that it is irrational (actually transcendental (*)). So a constructive proof for

our theorem is with p=sqrt(2)^sqrt(2) and q=sqrt(2)

see http://www.math.hmc.edu/funfacts/ffiles/10004.3-5.shtml

(which also points out a more general and easy to understand constructive proof. Consider

e^{log_e q} for any transcendental number e and rational number q--which will be q. All you need to show is log_e(q) is irrational and you can show this easily (If log_e(q) = m/n with integers m and n without common factors, then

q = e^{m/n}. This would mean that e is the root of an algebraic equation x^m - q^n = 0. But the definition of transcendental number is that it cannot be the root of any algebraic equation!).

Rao

(*) By the way, transcendental => irrational but not vice versa. In particular, transcendentals are those irrational numbers that cannot be roots of any algebraic equation. Two famous examples of course are e and pi. Notice that proving that a number e *is* transcendental involves showing that e^r for any rational number r cannot be rational (since if it is, then e will be the root of an algebraic equation). Thus, proving transcendentality is not all that easy.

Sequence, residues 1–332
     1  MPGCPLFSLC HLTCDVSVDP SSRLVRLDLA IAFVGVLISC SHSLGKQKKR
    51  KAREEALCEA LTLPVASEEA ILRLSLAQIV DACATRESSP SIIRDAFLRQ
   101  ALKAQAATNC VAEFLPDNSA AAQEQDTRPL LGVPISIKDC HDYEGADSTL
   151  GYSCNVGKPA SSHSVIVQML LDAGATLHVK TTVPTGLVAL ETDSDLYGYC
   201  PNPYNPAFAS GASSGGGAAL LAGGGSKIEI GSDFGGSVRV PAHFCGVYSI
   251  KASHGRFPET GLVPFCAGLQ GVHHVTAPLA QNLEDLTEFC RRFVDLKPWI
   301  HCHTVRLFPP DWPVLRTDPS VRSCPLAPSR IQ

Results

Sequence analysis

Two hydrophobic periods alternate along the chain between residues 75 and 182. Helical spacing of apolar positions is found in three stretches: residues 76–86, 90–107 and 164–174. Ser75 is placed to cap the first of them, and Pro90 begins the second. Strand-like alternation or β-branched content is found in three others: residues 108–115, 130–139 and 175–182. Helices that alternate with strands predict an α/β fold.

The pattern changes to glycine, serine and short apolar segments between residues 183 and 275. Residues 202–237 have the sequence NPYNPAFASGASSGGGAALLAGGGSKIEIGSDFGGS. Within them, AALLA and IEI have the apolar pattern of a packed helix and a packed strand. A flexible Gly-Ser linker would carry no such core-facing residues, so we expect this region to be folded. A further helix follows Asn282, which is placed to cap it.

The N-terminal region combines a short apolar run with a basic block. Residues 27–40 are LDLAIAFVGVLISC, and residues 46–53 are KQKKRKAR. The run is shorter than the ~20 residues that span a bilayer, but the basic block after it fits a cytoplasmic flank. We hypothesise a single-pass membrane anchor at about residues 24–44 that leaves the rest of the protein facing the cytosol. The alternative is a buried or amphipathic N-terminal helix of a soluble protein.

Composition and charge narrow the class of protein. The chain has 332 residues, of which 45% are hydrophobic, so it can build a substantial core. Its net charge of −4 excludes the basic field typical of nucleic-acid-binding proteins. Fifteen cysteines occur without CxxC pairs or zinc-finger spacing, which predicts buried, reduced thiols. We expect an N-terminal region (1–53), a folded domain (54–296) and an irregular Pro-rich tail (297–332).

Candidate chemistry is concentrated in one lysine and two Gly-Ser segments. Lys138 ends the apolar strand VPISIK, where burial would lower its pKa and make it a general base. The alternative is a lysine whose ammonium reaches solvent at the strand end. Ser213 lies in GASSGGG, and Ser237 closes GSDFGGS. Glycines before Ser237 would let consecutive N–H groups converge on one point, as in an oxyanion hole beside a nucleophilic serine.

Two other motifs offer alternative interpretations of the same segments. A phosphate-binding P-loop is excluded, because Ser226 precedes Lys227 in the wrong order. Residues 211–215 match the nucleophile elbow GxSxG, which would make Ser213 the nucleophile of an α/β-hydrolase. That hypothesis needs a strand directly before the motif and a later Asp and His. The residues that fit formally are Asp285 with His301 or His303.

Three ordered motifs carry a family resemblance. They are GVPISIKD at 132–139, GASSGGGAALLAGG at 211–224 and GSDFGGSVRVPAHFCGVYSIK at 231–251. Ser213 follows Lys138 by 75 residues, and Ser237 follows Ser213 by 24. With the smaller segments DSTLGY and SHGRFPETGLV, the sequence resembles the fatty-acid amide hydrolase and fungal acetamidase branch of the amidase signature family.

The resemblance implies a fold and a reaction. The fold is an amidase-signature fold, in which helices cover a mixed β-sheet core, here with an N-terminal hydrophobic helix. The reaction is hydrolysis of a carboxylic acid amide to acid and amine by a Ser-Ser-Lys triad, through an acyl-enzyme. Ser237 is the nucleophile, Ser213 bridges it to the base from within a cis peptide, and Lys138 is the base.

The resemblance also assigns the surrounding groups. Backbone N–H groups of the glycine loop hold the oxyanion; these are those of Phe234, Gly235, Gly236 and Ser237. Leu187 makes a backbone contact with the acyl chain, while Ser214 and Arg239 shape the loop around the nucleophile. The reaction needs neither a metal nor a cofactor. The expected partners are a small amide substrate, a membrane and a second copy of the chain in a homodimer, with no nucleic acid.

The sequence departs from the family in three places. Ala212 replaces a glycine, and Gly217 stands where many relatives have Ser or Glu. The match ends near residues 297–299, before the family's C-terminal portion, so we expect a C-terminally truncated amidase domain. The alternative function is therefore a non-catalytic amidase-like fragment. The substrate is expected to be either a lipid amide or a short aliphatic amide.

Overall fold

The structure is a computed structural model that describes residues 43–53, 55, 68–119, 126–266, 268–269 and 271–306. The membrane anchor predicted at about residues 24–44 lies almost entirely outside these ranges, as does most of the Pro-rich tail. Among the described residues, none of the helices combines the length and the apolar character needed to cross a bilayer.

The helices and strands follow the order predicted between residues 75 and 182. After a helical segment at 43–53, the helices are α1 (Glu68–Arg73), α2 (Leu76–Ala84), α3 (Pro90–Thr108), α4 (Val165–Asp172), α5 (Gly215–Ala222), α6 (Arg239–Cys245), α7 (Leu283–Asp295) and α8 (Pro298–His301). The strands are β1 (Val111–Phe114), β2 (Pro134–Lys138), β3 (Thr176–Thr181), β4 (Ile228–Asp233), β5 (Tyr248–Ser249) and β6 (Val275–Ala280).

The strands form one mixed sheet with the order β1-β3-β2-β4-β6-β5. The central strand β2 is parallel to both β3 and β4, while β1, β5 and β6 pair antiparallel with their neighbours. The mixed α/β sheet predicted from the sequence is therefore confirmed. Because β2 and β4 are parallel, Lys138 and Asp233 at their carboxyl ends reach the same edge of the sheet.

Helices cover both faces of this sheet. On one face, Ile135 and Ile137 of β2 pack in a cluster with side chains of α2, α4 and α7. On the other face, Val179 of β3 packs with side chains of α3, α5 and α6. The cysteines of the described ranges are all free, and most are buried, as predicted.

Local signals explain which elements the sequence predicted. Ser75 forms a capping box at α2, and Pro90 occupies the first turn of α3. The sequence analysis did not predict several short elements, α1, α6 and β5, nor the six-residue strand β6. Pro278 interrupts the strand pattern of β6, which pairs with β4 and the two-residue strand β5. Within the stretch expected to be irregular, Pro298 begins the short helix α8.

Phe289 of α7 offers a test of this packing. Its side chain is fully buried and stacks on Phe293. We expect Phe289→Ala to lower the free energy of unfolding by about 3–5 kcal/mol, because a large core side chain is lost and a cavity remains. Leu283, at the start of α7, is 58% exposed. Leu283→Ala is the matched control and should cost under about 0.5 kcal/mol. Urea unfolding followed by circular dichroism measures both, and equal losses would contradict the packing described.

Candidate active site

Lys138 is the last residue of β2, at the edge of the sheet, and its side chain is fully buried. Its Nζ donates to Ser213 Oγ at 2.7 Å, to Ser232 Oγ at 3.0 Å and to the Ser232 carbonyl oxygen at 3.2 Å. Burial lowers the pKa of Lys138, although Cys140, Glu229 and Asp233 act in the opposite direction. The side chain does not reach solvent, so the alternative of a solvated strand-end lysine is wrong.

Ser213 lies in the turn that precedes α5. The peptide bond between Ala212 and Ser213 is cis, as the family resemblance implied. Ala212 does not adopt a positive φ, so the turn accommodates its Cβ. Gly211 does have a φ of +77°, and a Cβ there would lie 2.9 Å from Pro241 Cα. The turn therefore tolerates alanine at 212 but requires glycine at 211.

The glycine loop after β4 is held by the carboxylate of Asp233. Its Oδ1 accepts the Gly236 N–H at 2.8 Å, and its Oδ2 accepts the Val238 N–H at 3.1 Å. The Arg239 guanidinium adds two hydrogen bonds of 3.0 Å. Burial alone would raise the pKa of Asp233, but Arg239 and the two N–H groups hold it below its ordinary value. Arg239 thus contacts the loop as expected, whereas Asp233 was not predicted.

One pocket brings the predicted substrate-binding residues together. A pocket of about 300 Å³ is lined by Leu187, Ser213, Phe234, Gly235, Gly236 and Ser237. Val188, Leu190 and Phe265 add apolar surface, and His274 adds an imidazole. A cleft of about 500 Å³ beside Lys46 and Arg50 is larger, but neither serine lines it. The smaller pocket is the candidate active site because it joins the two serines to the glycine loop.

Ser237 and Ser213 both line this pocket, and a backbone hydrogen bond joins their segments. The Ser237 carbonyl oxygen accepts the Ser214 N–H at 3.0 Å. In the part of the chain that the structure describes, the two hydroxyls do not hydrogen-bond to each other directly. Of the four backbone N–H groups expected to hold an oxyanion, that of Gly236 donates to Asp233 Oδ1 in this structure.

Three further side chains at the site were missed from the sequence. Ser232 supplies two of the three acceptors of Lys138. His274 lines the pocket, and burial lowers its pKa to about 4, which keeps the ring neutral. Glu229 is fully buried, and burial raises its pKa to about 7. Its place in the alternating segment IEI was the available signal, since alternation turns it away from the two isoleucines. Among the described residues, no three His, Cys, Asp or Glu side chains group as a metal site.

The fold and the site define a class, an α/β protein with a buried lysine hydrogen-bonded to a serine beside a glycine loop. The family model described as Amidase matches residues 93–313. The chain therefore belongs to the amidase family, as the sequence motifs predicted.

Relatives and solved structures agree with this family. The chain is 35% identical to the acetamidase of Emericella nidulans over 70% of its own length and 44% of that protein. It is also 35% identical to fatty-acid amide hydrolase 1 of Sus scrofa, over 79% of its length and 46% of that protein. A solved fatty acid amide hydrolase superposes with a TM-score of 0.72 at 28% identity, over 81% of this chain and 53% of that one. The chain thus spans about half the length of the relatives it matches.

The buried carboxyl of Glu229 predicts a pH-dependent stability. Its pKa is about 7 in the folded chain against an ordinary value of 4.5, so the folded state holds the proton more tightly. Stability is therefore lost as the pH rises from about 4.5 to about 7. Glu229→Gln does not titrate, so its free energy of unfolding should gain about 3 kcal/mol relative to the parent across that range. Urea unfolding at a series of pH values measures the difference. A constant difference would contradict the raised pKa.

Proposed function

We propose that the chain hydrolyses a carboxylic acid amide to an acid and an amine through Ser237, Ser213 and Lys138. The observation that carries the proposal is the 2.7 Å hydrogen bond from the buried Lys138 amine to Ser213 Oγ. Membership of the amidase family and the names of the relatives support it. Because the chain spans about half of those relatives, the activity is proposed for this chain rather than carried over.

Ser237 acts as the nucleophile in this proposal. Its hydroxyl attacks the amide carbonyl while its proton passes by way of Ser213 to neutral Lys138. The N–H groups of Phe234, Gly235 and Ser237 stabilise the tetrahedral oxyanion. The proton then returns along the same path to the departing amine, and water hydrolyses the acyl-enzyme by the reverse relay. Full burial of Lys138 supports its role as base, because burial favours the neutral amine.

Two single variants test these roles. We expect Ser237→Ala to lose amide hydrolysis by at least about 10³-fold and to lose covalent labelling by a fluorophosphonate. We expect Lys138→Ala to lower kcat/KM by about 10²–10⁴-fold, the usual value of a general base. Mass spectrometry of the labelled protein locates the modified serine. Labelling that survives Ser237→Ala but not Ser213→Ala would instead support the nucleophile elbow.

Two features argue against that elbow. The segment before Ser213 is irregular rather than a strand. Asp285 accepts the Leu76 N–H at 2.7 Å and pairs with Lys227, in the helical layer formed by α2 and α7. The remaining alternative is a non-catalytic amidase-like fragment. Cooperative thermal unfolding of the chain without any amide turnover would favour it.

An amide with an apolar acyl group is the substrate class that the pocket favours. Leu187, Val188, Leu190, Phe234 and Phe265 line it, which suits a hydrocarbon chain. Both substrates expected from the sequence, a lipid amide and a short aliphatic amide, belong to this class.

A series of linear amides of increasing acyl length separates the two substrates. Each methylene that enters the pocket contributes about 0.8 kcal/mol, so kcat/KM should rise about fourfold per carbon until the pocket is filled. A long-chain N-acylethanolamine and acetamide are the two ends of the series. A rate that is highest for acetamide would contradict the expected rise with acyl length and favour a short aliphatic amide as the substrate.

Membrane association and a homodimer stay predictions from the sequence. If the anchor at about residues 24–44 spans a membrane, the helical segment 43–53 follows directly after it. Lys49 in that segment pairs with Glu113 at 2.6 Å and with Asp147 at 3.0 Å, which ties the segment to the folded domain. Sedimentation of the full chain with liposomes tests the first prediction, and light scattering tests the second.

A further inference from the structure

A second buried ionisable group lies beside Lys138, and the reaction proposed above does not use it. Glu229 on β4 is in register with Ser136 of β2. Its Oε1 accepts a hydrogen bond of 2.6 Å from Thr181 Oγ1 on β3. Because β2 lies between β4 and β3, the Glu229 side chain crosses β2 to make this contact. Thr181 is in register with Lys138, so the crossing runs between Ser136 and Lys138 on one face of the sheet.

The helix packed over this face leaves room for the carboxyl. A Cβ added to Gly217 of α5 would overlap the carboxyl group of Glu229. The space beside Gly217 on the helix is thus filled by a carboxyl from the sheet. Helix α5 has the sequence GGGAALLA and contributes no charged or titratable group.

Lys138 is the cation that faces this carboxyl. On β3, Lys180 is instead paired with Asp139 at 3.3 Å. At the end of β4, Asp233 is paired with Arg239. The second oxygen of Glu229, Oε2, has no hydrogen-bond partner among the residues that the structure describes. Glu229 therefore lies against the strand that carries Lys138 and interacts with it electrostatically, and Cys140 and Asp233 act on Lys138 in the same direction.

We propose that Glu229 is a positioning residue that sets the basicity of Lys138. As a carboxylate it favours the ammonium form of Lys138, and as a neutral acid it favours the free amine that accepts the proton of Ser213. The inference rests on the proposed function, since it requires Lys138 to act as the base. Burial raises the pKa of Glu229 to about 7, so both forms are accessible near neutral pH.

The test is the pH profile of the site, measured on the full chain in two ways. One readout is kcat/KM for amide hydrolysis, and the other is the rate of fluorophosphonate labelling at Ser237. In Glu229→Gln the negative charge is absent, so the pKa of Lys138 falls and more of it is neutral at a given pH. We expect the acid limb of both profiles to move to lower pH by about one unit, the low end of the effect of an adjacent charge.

(ps 2:

Check out

http://digitalphysics.org/Publications/Cal79/html/cmath.htm

`for a nice discussion on the Constructive vs. Classical mathematics--and how during Hilbert's time there was a pretty big controversy in mathematics--with mathematicians such as Brouer insisted that all math that depended on existential proofs be thrown out.Papa Hilbert had to come to rescue--pretty heady stuff.`

`You might also look at`

`http://plato.stanford.edu/entries/mathematics-constructive/`

`which also talks about the slick "irrational power irrational can be rational proof..."`

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